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F. Wells Williams

Bio: F. Wells Williams is an academic researcher from Yale University. The author has contributed to research in topics: Morality. The author has co-authored 1 publications.
Topics: Morality

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Journal ArticleDOI
01 Jan 1913
TL;DR: While the retention of the Philippines as a dependency is still a debatable issue, the principles upon which our government there is based are generally endorsed by the American people as mentioned in this paper, and no one who understands the national psychology can fail to recognize the tenacity with which Americans cling to certain commonly accepted ideals.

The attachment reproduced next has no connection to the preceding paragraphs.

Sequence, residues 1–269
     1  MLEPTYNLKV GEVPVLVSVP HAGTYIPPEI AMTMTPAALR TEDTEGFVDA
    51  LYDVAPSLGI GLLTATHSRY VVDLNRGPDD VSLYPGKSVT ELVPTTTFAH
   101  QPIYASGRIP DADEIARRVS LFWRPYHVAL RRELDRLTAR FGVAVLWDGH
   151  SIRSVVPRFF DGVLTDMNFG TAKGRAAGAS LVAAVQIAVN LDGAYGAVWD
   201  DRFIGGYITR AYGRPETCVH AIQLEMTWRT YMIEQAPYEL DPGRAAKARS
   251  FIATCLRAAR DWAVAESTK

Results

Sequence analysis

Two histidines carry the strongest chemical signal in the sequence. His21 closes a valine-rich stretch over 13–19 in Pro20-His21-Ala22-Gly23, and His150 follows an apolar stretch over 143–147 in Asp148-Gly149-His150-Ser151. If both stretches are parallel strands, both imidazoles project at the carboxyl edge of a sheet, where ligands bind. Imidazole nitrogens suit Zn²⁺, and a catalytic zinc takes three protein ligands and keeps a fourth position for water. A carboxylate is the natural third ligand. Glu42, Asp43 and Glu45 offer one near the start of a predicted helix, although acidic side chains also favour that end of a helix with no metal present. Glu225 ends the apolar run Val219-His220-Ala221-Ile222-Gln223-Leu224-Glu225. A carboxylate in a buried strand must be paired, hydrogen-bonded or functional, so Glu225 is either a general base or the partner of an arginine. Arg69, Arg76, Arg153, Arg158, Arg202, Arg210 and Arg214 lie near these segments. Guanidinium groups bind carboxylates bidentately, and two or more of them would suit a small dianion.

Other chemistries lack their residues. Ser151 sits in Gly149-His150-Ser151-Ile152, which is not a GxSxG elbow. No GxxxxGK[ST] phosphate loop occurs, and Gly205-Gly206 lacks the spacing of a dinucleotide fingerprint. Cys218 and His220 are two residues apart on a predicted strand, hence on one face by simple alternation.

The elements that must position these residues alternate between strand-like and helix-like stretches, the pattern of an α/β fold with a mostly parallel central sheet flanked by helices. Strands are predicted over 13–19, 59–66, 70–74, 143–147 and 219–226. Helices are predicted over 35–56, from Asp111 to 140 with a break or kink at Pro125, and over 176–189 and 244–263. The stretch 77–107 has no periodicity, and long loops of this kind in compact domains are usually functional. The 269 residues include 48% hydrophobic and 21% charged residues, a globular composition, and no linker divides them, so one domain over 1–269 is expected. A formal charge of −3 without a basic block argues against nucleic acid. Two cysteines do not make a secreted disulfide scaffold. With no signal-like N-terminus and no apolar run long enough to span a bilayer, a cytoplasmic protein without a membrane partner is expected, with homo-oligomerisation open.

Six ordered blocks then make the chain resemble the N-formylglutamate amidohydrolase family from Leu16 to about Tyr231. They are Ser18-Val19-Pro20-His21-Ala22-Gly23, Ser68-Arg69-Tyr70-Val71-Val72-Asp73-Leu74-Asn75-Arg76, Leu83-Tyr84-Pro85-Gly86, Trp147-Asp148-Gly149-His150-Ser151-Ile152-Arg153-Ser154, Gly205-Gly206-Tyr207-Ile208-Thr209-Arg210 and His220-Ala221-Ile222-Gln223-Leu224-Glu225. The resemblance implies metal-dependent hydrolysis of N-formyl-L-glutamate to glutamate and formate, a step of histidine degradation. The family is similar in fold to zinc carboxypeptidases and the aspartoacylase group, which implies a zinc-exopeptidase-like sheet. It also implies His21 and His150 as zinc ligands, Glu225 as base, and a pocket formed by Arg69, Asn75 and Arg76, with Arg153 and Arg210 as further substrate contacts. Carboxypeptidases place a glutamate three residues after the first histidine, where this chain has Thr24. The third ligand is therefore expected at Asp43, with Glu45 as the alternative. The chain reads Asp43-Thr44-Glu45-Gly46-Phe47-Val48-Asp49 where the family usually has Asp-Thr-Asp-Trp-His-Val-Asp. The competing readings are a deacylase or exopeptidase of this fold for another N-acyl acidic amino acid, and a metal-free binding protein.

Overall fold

Abstract: While the retention of the Philippines as a dependency is still a debatable issue, the principles upon which our government there is based are generally endorsed by the American people. These principles assume our responsibility for the welfare, present and future, of a backward race which has come under our control through the most extraordinary accident in modern history; they promise that the race thus appropriated shall be preserved from enemies without and discord within until such time as it may be prepared to maintain its autonomy; they deny the ancient theory that dependencies may be legitimately exploited for the benefit of a controlling state. However sincerely one may deplore the action of President McKinley's administration which brought this burden upon the nation, criticism of an accomplished fact has no bearing upon the problems involved in carrying out a policy necessitated by these principles. They involve a task which is onerous, but they imply an altruism the exercise of which appeals to American idealism. We are called a practical people. We are so in the material development of our territory and in the ordering of our communities built up during a century of rapid exploitation; but no one who understands the national psychology can fail to recognize the tenacity with which Americans cling to certain commonly accepted ideals. Our national history begins with a revolt against overwhelming odds in behalf of an ideal. Every one of our wars has been undertaken in defence of a professed ideal, and whatever opposition their declaration incurred has been avouched in the name of sentiment and morality.